The project team kicked-off 2011 with an intense, but effective meeting at Arup's London offices. Topics discussed ranged from the structural efficiency afforded by different basement layouts to agreeing on a method of energy performance modelling for the block.
Fire planning has emerged as a significant factor influencing schematic design of the block. As has been stated, Sitra has set a timber construction solution as a top priority for the office building, but Finnish fire regulations currently do not allow multi-story timber buildings. The Energy Programme has been working closely with the authorities to expedite changes currently under final review to the fire code with the hopes that final approval will happen in time for our building permit review.
Complications to building massing arise whenever you bring one type of fire classification into contact with another. In other words, timber and concrete buildings do not play nicely together according to the fire code and thus need to be separated into their own areas in the playground. The design team has been looking at ways to overcome what would seem to be an inevitable outcome through smart, hybrid structural and facade solutions that unify the Sitra timber building with its neighbors, and I am quite encouraged. Sketches of the massing and urban character of the block will be revealed during our 08 February event and I will post images here shortly after.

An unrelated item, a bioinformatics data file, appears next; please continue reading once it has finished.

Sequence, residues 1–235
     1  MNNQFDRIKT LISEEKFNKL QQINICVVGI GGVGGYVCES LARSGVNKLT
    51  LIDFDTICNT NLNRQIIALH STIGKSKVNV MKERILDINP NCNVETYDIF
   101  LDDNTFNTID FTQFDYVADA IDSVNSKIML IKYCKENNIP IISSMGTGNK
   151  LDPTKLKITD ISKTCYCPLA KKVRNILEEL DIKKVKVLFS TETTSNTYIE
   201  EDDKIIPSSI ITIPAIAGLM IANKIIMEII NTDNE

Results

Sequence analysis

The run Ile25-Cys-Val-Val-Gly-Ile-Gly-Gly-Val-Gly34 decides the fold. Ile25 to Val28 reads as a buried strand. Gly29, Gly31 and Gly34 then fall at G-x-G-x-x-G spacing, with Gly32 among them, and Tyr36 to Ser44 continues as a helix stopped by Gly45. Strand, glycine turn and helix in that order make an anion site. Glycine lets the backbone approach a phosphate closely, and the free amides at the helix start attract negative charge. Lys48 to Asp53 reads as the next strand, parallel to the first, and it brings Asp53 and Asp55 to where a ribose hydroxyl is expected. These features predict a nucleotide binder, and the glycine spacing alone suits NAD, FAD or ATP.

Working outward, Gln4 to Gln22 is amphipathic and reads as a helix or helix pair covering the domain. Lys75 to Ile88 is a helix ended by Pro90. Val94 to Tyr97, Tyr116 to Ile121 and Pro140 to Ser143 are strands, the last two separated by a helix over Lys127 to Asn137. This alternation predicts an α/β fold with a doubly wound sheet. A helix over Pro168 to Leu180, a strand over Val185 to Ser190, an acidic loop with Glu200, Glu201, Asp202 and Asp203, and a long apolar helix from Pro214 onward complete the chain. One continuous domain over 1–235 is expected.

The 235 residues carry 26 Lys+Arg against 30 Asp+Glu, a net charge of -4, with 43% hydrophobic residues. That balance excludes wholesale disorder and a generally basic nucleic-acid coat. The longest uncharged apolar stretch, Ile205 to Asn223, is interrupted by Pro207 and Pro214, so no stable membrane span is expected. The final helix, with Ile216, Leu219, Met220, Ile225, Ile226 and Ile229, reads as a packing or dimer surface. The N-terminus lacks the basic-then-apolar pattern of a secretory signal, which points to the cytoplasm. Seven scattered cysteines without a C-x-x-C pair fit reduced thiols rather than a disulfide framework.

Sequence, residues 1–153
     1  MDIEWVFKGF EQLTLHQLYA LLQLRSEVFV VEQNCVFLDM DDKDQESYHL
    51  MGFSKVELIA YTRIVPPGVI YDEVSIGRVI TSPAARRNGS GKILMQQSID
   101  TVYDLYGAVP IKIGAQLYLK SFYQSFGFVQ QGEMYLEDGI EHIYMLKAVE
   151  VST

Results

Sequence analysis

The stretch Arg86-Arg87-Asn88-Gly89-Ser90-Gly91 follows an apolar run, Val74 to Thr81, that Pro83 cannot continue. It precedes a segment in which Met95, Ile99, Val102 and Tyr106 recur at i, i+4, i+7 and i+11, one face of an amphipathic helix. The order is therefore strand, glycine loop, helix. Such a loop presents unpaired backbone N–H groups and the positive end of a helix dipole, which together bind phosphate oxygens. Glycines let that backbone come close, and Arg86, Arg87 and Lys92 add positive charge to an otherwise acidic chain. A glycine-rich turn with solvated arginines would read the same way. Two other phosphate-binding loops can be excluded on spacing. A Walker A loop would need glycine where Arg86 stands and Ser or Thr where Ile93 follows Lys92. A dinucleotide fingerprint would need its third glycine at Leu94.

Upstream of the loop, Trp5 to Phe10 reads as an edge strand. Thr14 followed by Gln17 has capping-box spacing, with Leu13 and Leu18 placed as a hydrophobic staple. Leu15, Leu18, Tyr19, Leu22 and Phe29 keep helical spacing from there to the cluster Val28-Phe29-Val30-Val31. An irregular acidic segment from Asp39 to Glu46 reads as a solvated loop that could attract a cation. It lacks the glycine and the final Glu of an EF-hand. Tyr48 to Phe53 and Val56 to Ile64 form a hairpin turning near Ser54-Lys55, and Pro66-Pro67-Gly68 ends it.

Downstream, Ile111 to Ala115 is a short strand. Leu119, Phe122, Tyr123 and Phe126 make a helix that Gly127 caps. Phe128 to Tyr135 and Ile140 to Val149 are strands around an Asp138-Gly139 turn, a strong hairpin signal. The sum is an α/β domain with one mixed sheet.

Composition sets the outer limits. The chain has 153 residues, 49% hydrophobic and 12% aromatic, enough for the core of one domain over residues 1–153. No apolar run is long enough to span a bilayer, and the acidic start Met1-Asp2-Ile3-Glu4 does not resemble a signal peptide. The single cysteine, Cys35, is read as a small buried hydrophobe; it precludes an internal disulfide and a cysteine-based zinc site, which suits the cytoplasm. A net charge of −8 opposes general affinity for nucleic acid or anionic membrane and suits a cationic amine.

We have also been looking at how to meet our onsite electricity production goals and the early indications suggest that despite the short days in winter, Helsinki's long summer days may allow us to produce as much as 240,000 kWh per year. This will require both rooftop and building integrated solar technologies. Studies are now underway to determine the most appropriate technology for this northern application and how that technology will be integrated into the building just like any other building material.
One interesting question emerging out of the solar technology debate is how to adapt a desert technology to a northern climate. Luckily for us, technology is being developed and some are even market ready that seek to fill this void. Most seem to rely on increasing the solar energy capture area to take advantage of diffuse and reflected light, since the efficiency of the various semiconductor materials seems to be more or less stable.
Of course, underlying all of our debate is the brutal reality that if Finland does not enact a feed-in-tariff for solar technologies, the payback period for a PV array will be beyond the life of the building. Cheap, abundant energy has been a topic political priority in Finland for decades as it has been a stimulus to Finland's heavy industries. There is a slow awakening in the government to necessity/long term value of a feed-in-tariff for small producers, but its certainty is anything but guaranteed.
So if a principle of the Low2No model is to seek to balance the competing interests of economy, ecology and society, how do we answer the dismal net present value projections of solar technologies? Ouch! Brain damage.